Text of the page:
You want decent throughput, but throughput is usually limited by your interface/connection, not the drive. So first pay attention to the speed of the interface (USB 3.0 vs USB 3.1, which is twice as fast). Only if the interface is substantially faster than the transfer speed of the drive, do you need to start worrying about the drive.
Physical hard drives are, by far, the most the most economical storage. SSD is a huge waste of money. (Although I regularly use SSDs for testing new solutions—because they are so blindly fast—and I have to say it's a sweet solution if you have money to burn.)
Backups will not benefit from a lot of on-drive cache, so don't waste money buying a big cache (or hybrid HD+SSD).
Backup drives generally don't benefit from fast seek times, but QRecall can be harder on them in that respect. Don't get a drive with a glacial seek time (15ms), but don't spend extra money getting a really fast seek time (4ms) either.
I don't like/trust SMR; I think it's largely a marketing gimmick to slap the absolute cheapest possible price on a drive. For a (tiny) bit of savings, it lowers the performance and reliability.
Are there any particular manufacturers or models you recommend, and are there ones to avoid?
I have leaned heavily towards Western Digital Red drives for my various RAID enclousures and have generally been happy with their reliability and performance. I have soured a bit on WD after their SMR Red debacle. But I would still recommend non-SMR Red drives for archival storage.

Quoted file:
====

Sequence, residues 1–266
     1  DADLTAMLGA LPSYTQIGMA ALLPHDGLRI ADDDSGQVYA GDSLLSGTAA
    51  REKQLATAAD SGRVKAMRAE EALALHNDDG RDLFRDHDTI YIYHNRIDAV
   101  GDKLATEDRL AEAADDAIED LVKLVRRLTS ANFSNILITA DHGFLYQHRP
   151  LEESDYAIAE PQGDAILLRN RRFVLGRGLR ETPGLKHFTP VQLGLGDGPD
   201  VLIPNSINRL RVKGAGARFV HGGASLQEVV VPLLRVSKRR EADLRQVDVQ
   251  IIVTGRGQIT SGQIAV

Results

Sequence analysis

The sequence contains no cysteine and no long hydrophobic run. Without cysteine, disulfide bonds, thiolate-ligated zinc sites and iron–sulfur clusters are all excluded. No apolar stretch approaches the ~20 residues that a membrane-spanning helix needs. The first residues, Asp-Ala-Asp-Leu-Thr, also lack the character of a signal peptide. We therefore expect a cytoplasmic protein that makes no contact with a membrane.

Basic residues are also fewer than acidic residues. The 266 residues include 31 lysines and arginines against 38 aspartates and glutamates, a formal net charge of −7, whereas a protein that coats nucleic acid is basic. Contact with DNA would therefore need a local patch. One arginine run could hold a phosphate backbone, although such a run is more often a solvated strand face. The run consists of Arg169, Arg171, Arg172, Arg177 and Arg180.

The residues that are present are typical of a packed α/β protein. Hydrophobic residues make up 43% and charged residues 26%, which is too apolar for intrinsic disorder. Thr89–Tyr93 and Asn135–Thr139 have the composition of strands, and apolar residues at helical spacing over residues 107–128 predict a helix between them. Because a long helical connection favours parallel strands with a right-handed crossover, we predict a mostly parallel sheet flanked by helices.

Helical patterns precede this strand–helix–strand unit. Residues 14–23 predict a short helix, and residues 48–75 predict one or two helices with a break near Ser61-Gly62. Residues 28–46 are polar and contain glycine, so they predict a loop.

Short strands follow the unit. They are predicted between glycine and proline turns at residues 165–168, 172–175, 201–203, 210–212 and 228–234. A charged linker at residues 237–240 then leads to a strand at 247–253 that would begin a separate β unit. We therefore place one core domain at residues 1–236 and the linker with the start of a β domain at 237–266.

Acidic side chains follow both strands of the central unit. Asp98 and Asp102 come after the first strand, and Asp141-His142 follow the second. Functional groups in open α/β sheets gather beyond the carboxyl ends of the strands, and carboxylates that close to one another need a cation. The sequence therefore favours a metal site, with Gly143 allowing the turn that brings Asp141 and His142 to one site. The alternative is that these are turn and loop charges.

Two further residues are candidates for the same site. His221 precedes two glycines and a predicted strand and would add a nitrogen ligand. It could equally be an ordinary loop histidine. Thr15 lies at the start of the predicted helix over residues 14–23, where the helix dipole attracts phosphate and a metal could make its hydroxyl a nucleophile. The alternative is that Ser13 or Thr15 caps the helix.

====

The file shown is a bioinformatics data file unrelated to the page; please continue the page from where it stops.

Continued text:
Do you prefer ready-to-use external drives (includes drive and case as a unit), or do you prefer to buy a bare drive and put it in an external case yourself?
I always buy the enclosure separately and install the drives I want. But when shopping for RAID units, the sellers often let you populate them with whatever drives they sell, so this is often a matter of semantics.
Most of my QRecall needs are for performance and torture testing, so I work almost exclusively with fast external enclosures via Thunderbolt or eSATA. The performance of most NAS devices are slower due to the extra layers of interface (network) and complexity (usually an embedded Linux server). But sometimes the convenience overshadows those concerns. In fact, several of my personal computers have been backing up to a (gasp) AirPort Extreme base station for years. Clearly a case of convenience over performance.
I'm looking for something in the 2 terabyte range and I would prioritize reliability and speed over cost.
That's a single drive solution these days, so you have lots of choices. (Which, itself, can be curse.)